Decorative ball. Flower and greens.
A village store returns to New Castle, with the opening of Henrys' Market on December 17, owned and operated by the Borden family.
The market at dusk with lighted interior.
The store interior with shelves stocked and ready for business.
According to the press release hours will be 7 days/week, with hours varying during the week:
"We are looking to provide the basics, so you no longer need to travel to Portsmouth to get a bottle of milk. We will provide quality food that is reasonable priced, local and/or organic that you might not find elsewhere. We plan to carry products in small sizes for convenient carrying so you can walk to the market."
The Market includes a small cafe and they expect to have a liquor license to sell beer and wine.
New Castle and the Seacoast were hammered by multiple storms in December, starting with the infamous ice storm, then a moderate snowstorm, then a larger blizzard-like snowstorm. All the while we were adding to the annual precipitation total, pushing against the record. Three of the last four years (2005, 2006, 2008) are the wettest on record. It is difficult to calculate a probability for this, given the usual assumption in weather/climate models of events that are not affected by an underlying trend.
The night of December 11-12, Thursday and Friday, was the ice storm that paralyzed much of southern New Hampshire, southwestern Maine, and central Massachusetts. The immediate Seacoast had 2 inches of rain with some icing, but not a spectacular amount. The noteworthy impact was loss of power and the slow restoration of that power. New Castle was dark until Saturday evening, with all of the Island restored by 11 p.m. except the Bosun's Hill neighborhoods, which did not get power back for almost 20 more hours, early on Sunday evening. This was an occasion for neighbors to help neighbors, checking on each other, lending generators and supplies.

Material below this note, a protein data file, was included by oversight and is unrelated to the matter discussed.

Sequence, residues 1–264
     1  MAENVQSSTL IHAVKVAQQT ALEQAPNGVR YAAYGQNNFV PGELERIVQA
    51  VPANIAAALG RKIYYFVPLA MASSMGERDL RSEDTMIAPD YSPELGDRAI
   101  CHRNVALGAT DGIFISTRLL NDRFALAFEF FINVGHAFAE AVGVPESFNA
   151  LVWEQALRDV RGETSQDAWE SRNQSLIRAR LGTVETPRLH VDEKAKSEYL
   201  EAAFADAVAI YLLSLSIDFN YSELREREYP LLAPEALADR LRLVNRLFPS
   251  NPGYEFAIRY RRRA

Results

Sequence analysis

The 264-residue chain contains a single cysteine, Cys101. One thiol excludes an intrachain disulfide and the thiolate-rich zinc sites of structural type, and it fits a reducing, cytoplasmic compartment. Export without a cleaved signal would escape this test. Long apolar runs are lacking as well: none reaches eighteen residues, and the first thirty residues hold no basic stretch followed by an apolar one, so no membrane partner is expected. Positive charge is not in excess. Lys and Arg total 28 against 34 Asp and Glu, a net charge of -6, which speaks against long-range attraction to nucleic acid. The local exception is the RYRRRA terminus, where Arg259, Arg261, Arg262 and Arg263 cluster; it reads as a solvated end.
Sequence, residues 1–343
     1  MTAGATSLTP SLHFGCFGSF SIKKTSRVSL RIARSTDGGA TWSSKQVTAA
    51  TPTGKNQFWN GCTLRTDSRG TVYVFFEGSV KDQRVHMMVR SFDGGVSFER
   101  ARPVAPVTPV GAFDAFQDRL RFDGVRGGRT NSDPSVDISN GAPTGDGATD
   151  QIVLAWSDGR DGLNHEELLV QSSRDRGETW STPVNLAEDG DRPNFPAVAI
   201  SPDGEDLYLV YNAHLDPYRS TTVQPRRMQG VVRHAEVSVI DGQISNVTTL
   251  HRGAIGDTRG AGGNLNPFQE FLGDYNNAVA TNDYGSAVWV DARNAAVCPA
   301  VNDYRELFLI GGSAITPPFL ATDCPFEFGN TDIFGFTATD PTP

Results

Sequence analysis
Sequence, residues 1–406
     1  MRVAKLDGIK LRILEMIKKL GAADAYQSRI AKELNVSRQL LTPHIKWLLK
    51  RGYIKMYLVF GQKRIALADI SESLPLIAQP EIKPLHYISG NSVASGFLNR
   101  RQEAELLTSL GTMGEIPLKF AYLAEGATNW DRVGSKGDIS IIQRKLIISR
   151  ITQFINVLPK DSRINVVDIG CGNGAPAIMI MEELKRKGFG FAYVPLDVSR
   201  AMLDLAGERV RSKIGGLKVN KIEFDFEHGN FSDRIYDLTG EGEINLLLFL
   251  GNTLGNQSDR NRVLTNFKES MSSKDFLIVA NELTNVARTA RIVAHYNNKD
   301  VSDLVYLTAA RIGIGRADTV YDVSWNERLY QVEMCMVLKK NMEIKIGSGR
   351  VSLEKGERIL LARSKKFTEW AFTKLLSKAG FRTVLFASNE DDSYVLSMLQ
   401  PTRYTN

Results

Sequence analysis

Both the Police and Fire Department were busy checking on people and the Fire Department provided assistance with loaner generators for pumping and heating.
The storm added to the Christmas rush at the Post Office, as it was closed for two days.
The other side of the wall of boxes, showing letters sorted and waiting for pick-up.
Parcels waiting for customers to present their yellow slips at the window to claim them.
As if that were not enough, a water main at the corner of Davidson and Locke Roads broke on December 22, which was repaired with remarkable rapidity, in a handful of hours, thanks to the attention of the Town Public Works crew working with Dzioba Construction.
Completion of water break repair.
Ornamental cabbage, before the ice and snow arrived.
A bulk carrier anchored off the Portsmouth harbor entrance, just at sunrise on a morning with Arctic sea smoke.
Arctic sea smoke (cold air fog) envelops this house on Cape Road, shortly after sunrise on December 21, before the blizzard began later that day.
Maddi Alana's dog "Mikey," posing in his natty attire outside the Post Office. Santa Claus (aka Bill Pappou Drew) appeared at the New Castle Library on December 23.
Piscataqua Street, a popular New Castle motif, on the morning after our December 21 blizzard.